How to Add a CNAME
Adding a CNAME record to your domain's DNS settings allows you to create new variations of your website address in the form of subdomains. For example, adding "blog" as a CNAME for the domain "mywebsite.com" creates the subdomain "blog.mywebsite.com". When a user goes to the new subdomain, she will go directly to the destination you entered in the CNAME record. To create a CNAME record, you must have administrator access to your domain hosting account.
Log into your account at the website of the company where you purchased your domain name. If you have a Web hosting account with another company, and you transferred DNS management to the new company's name servers, log into the Web hosting site instead. If you're not sure which company controls your DNS settings, first try the Web hosting company and then the domain registrar.
Find the website's DNS management page. Depending on which company you use, the location of this page on the website will vary. You can often find it by selecting "DNS Management," "DNS Settings," "DNS Hosts," "Zone Editor" or something similar. On some sites, you may have to first select the "Domains" option and then select the name of your domain.
Find the section of the DNS settings page that allows you to add a new record. In some cases, you may need to click "Add Record," "Edit" or something similar. The website will ask you for up to four pieces of information: a record type, a host name or alias, a value or destination, and a time delay or "TTL."
Set the record type to "CNAME," and then enter the new domain prefix in the host name or alias field. For example, if you are creating the "pictures.mywebsite.com" subdomain, enter "pictures" in this field. Do not add a period at the end of your entry -- you DNS editor will do this automatically.
Set the value or destination field to the location or address to which the new subdomain should point. For example, if you are creating a subdomain called "pictures.mywebsite.com" that should point to an image folder on your Web server, you might enter "mywebsite.com/data/images" as the value or destination. You can also point subdomains to other websites. For example, if you have Tumblr blog and want readers to be able to access it from your own website, you might create the subdomain "blog.mywebsite.com". In this case, you would enter "domains.tumblr.com." (including the last period inside the quotes) as the value or destination.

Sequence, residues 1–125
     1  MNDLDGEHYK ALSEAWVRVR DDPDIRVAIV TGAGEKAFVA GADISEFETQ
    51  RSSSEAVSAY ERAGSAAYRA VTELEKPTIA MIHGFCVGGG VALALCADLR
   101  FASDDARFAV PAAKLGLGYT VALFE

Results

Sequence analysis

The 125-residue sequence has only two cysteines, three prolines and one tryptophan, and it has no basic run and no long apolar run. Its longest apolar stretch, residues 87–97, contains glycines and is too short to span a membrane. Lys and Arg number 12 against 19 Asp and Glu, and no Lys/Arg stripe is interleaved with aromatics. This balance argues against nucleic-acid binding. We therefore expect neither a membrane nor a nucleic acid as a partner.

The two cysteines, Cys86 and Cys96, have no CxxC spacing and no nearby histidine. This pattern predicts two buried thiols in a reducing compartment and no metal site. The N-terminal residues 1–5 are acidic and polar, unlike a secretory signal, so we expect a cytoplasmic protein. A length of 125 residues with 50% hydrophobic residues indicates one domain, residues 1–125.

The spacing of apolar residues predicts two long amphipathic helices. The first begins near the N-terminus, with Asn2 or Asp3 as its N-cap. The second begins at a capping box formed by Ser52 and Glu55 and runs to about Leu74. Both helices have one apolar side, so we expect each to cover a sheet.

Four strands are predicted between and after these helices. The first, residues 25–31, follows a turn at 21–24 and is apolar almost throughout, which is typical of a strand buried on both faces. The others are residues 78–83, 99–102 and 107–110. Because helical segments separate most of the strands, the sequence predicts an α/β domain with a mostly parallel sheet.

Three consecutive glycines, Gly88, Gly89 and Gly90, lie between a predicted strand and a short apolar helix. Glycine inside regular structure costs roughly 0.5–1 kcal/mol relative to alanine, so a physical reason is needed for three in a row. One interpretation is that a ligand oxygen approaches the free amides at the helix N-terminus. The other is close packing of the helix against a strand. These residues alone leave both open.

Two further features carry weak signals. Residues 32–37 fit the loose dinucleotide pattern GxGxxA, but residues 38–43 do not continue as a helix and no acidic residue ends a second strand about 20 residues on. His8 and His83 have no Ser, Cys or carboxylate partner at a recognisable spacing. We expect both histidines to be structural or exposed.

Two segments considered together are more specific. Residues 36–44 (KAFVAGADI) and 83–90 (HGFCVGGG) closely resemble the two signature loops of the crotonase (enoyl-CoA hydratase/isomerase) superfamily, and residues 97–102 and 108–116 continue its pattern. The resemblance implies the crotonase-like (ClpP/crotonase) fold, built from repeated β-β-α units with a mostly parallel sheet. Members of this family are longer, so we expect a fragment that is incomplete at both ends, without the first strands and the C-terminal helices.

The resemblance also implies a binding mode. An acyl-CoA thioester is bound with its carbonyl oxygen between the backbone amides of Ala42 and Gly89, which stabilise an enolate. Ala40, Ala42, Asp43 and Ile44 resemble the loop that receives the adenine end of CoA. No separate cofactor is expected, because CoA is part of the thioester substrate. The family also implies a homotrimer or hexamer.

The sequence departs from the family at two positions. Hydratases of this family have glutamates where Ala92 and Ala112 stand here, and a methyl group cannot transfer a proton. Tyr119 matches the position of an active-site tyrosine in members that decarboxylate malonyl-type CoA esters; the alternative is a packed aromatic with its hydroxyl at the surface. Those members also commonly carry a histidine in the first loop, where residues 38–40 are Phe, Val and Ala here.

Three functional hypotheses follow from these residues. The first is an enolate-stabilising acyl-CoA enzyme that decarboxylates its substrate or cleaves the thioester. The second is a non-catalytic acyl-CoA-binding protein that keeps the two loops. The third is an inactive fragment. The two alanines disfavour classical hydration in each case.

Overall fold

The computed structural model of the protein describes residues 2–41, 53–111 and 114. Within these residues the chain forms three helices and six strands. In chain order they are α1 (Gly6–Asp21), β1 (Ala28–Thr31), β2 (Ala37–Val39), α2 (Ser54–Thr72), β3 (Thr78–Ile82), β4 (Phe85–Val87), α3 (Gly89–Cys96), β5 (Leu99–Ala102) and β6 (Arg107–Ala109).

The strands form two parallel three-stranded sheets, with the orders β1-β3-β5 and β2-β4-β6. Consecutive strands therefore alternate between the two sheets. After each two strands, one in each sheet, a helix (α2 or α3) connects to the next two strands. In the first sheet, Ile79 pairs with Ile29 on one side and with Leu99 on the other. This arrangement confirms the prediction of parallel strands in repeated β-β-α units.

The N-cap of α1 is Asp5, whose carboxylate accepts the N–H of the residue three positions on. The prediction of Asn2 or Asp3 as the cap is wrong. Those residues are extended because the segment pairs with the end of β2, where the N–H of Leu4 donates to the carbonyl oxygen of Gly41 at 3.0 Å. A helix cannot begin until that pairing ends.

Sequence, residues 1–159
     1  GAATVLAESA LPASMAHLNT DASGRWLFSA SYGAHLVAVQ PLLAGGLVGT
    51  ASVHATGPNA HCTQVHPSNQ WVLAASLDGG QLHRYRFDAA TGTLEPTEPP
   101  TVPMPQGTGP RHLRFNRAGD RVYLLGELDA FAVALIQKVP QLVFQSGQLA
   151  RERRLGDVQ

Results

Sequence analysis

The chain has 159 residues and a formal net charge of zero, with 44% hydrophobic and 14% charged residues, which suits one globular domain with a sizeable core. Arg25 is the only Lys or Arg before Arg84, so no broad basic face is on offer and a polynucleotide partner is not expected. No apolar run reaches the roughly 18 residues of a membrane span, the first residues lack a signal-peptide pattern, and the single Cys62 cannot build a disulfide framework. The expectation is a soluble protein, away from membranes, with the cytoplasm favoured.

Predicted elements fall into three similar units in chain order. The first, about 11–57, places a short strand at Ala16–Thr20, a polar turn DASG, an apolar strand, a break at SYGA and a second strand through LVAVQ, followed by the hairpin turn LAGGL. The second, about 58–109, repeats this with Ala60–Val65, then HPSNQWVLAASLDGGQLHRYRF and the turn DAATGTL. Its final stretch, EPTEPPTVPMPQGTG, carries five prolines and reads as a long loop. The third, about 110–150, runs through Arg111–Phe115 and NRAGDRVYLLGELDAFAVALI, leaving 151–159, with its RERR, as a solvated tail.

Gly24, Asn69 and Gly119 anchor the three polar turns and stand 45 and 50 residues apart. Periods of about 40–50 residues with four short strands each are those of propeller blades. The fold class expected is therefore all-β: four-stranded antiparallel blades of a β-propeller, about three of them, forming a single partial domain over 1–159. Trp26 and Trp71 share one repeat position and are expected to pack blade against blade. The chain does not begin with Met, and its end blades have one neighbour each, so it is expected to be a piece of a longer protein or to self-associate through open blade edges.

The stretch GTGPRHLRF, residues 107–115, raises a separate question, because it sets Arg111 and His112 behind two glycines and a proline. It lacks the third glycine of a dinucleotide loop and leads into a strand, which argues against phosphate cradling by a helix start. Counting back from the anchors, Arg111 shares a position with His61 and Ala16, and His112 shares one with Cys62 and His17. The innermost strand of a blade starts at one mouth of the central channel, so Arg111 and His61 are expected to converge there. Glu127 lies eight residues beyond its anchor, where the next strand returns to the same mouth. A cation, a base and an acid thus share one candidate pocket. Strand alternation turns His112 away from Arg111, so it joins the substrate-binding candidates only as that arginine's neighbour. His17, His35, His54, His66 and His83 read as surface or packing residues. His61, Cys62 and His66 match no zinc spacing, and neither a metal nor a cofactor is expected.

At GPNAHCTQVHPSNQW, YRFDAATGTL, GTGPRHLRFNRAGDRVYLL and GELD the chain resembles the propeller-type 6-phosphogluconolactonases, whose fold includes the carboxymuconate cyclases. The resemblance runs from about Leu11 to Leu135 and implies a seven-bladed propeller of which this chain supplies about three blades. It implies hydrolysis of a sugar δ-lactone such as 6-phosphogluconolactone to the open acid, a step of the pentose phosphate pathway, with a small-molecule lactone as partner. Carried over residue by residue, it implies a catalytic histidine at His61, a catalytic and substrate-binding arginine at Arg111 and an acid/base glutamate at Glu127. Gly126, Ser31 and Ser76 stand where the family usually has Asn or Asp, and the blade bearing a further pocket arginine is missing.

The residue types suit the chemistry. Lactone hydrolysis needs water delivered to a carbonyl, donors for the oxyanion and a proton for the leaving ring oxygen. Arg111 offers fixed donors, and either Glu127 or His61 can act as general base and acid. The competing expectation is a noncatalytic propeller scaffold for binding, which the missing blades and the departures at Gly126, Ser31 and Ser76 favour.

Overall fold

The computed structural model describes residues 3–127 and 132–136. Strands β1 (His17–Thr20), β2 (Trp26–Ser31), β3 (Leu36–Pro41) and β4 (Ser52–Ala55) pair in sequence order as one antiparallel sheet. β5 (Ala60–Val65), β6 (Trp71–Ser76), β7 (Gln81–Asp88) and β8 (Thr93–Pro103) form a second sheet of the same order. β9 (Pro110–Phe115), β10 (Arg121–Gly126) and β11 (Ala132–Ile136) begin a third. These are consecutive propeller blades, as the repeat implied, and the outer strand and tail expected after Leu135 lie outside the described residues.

Leave the TTL setting at the default value and then save the new entry. The CNAME record should become active within four hours, although it can sometimes take up to eight hours for the new information to propagate to all of the other DNS servers on the Internet.
Tips & Warnings
- When you enter another domain name as the value or destination in a CNAME record, it's best to add a period at the end of the domain name to create a fully-qualified, unambiguous domain name. For example, when you add a period at the end of "domains.tumblr.com.", you are telling the DNS server that the entry ends in a domain name, and is not just a folder or subdomain of your own domain. While the extra period is not absolutely necessary, it may help DNS route requests more efficiently and reduces the possibility that your subdomain gets routed to the wrong host.